Literary symposium spotlights new scholars, new approaches
“I don’t want to be accused of having an ax to grind” by bringing current political or social-justice issues into discussions of early modern literature, a Shakespearean scholar told a Bates symposium the other day.
Which was not to say that David Sterling Brown, assistant professor of English at the University of Arizona, wants to bar those issues from the classroom or his students’ awareness. Quite the opposite, said Brown — an African American man who, earlier that morning, had presented a paper subtitled “Black Life Matters in Shakespeare’s Titus Andronicus.”
“I want the students to come to these issues on their own. I don’t want to force-feed them. I don’t want to make them think that I am just depositing my ideas” into those discussions, Brown said.
The role of contemporary concerns in the teaching of centuries-old literature was one of the fresh concepts explored during the symposium New Approaches to Early Modern Literature and Culture on Sept. 26. Brown was one of eight young scholars of early-modern literature, all from backgrounds underrepresented in the field, who shared research and professional insights at the symposium presented by the Department of English at Bates.
Another presenter was Madiha Hannachi, a native of Tunisia and a doctoral candidate at the University of Montreal. She studies Shakespeare’s presence in the Arab world, an unusual topic in early modern studies. “This kind of symposium is empowering for young scholars coming from underrepresented groups, and who have interesting views and refreshing research,” she said.
When Hannachi heard about the symposium, “I felt like it represents me. I’m part of an underrepresented group in North America and I work in a field that is also underrepresented,” Arab perspectives on Shakespeare. “This event really spoke to me.”
A mix of faculty and graduate students, the presenters came from across the U.S. as well as Canada. In their formal presentations, six of the eight dealt in some way with Shakespeare. (Playwright Christopher Marlowe and poet Philip Sidney also got their due.)
Patricia Akhimie of Rutgers University–Newark revealed a surprising equivalency between racial ideology and the roles of the abused, bruised twins both named Dromio in The Comedy of Errors. “Racialist logic can rationally tie any somatic mark,” like a bruise, “to any social meaning, even a meaning as complex as identity,” Akhimie said.
Hannachi took a macro view of the Bard. She explained why productions of Shakespeare in Arab countries involve much more than just text translation — it’s a transcultural process as much as a translinguistic one. Especially fascinating was her description of Sulayman Al-Bassam’s award-winning The Al-Hamlet Summit, a 2002 adaptation of Hamlet that represented the title character’s “complete immersion into Arab culture” and the present day.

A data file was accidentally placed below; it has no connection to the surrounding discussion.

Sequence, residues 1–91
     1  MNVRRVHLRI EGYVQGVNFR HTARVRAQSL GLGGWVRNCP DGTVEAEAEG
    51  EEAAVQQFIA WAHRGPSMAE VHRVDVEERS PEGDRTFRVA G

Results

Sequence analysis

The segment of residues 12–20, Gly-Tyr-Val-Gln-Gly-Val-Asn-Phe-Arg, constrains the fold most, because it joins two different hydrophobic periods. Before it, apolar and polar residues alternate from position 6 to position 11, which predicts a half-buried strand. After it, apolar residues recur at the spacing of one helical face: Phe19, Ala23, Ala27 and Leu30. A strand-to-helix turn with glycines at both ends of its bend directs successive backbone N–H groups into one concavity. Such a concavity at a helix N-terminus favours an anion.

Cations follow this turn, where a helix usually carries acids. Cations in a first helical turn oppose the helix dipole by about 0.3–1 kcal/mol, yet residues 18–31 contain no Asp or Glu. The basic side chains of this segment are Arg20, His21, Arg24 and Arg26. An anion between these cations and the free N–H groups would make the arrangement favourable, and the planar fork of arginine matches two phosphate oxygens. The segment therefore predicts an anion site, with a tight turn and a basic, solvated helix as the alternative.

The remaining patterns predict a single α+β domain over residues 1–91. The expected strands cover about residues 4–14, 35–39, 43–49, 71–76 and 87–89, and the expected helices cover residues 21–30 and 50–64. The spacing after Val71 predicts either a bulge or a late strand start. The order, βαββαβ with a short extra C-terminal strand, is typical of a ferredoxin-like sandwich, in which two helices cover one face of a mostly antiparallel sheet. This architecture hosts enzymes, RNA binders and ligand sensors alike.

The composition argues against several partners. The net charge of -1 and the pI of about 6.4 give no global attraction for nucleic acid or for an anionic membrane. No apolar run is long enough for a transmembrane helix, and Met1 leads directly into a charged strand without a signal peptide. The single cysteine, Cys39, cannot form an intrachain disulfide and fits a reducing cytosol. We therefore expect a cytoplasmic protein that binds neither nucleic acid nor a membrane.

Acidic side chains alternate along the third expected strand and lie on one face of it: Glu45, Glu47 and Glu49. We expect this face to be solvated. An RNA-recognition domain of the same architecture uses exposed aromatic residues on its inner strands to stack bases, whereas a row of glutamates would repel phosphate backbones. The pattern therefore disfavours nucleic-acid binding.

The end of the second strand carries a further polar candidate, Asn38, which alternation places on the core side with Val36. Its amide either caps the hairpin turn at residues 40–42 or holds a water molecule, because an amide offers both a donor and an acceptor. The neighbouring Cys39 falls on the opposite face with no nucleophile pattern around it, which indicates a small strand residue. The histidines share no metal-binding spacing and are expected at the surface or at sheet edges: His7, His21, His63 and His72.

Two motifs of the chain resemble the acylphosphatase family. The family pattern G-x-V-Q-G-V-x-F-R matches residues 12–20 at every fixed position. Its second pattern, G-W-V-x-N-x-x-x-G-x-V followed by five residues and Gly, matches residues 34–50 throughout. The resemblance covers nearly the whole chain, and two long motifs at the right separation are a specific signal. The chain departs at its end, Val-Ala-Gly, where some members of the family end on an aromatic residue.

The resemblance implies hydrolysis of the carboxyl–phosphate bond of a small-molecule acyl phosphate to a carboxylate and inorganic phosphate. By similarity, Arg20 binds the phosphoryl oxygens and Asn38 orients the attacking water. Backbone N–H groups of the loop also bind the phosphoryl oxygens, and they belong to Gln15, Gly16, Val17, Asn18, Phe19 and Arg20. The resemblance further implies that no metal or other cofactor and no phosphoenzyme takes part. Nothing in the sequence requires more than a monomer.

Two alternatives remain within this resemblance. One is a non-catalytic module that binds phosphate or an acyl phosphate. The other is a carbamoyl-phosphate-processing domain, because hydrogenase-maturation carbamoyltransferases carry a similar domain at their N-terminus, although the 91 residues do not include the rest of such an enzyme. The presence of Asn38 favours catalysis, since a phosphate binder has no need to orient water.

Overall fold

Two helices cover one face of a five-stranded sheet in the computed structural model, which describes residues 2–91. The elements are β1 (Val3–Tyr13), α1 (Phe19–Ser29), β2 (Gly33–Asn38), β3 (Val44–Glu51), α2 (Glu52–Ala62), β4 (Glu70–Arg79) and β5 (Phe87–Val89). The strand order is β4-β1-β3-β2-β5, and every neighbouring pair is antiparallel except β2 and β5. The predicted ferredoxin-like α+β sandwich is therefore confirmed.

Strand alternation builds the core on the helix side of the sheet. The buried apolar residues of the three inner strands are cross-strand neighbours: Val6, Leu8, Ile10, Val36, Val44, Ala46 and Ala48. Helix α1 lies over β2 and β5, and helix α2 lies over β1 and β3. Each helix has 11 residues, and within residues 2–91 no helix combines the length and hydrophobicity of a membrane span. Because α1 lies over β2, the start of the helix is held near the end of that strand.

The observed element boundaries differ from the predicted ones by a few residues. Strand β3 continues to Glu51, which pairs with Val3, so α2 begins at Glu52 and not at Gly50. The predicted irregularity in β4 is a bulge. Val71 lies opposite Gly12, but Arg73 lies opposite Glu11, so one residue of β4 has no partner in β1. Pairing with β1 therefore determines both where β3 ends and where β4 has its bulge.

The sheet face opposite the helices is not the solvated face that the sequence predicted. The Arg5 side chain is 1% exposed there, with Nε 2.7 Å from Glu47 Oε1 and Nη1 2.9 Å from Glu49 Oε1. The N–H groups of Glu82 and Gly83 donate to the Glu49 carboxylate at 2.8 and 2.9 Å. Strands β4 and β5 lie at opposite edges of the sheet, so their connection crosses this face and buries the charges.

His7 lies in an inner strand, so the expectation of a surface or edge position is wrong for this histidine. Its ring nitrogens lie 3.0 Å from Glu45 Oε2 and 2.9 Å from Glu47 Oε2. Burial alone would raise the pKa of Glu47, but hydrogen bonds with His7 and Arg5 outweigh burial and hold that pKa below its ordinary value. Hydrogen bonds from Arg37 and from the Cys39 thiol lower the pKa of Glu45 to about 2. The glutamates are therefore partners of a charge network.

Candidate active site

In contrast to the tightly structured research presentations, morning and afternoon roundtable discussions generated dynamic examinations of the context in which early modern literature scholars — especially those who are bringing needed diversity to the field — do their work.
Topics arising during the afternoon roundtable included the legacy of old literary categories that continue to shape the profession — even through such factors as the names of professional journals — while failing to accommodate today’s breadth of perspectives on race and gender; student interest in English literature and in humanities broadly; and the point during the course of a semester when rising student engagement brings joy to the work.
A theme that arose in both roundtables (and, in the morning, led to David Brown’s remark about grinding axes) was anachronism and “presentism” — the introduction (or intrusion, as some old-school academics see it) of contemporary concerns into examinations of old literature.
“I’ve noticed with our papers today that many of the period-specific questions we’re asking are motivated by our own concerns about this current historical moment,” said Roya Biggie, a doctoral candidate at the City University of New York Graduate Center. (Her research focuses on early modern treatments of ecological and interspecies relationships.)
“At least in my experience, when I try to make those connections explicit, I’ve been criticized for being anachronistic,” Biggie said. “And there is a certain anachronism that goes with that.
“But at the same time, I personally think it’s worth it because, why ask irrelevant questions?”
The symposium came about because Bates’ English department “wanted to educate itself about new scholarship in the field,” said Therí Pickens, associate professor of English, who organized the symposium with English faculty colleagues Eden Osucha and Sylvia Federico.
The presenters’ “new approaches were wide-ranging,” said Pickens. “One of the takeaways was definitely an expansion of the categories with which most scholars frequently work — race, gender, sexuality, etc.”
The symposium, she said, “was an amazing opportunity for professional development, research collaboration, and pedagogy for both the presenters and the department.”
The presenters were selected through a competitive process. “We tried to create a conversation among them that was exciting and groundbreaking,” Pickens says.
“We also paid attention to scholars who are underrepresented in the field. It was important to us to get voices who were embodying and researching new perspectives.”
Support for the symposium came from the New Scholars Series, an Office of Equity and Diversity initiative that brings scholars from historically underrepresented backgrounds to Bates.